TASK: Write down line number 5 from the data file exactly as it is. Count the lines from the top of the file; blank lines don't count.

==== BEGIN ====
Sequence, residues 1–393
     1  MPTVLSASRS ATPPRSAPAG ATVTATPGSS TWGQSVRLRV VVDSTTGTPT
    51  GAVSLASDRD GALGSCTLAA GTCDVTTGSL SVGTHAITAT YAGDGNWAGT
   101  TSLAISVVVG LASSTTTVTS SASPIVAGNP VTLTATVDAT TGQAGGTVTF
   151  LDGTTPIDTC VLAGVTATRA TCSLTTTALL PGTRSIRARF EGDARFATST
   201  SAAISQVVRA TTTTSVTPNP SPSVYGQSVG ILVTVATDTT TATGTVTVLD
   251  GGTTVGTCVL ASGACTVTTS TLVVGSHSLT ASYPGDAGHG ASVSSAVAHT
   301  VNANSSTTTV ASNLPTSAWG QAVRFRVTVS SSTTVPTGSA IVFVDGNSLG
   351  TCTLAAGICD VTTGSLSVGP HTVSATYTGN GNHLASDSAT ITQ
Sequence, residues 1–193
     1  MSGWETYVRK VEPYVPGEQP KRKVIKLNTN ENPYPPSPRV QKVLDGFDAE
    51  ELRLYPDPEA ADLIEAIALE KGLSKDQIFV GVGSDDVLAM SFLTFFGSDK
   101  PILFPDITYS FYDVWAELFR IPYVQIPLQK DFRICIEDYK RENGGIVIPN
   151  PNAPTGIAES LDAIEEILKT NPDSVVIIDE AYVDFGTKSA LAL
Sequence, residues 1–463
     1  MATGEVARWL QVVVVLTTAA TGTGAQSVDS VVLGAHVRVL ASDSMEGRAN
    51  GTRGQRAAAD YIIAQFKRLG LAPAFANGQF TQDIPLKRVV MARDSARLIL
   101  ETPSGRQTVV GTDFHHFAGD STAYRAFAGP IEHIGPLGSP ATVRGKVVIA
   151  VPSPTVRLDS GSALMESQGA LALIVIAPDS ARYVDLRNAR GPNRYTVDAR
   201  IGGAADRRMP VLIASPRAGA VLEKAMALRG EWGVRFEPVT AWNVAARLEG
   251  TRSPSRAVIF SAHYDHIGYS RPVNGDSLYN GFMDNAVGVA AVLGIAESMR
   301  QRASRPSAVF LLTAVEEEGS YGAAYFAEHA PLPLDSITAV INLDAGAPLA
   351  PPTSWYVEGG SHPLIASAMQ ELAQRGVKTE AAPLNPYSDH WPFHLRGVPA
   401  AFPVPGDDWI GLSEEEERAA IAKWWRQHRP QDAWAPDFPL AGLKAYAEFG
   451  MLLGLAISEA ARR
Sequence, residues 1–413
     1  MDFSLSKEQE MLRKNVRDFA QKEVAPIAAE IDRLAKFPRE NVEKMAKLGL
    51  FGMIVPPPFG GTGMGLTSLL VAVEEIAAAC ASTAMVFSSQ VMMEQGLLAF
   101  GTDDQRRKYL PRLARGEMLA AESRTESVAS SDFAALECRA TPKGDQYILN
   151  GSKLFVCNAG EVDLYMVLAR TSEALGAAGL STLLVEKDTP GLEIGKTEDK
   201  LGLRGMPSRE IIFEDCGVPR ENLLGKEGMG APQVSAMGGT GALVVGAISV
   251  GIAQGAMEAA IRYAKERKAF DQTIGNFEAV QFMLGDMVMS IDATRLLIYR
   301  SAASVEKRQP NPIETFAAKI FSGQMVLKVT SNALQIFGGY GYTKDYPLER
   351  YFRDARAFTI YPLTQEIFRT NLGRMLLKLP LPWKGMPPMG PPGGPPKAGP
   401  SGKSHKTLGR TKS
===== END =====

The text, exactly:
   151  LDGTTPIDTC VLAGVTATRA TCSLTTTALL PGTRSIRARF EGDARFATST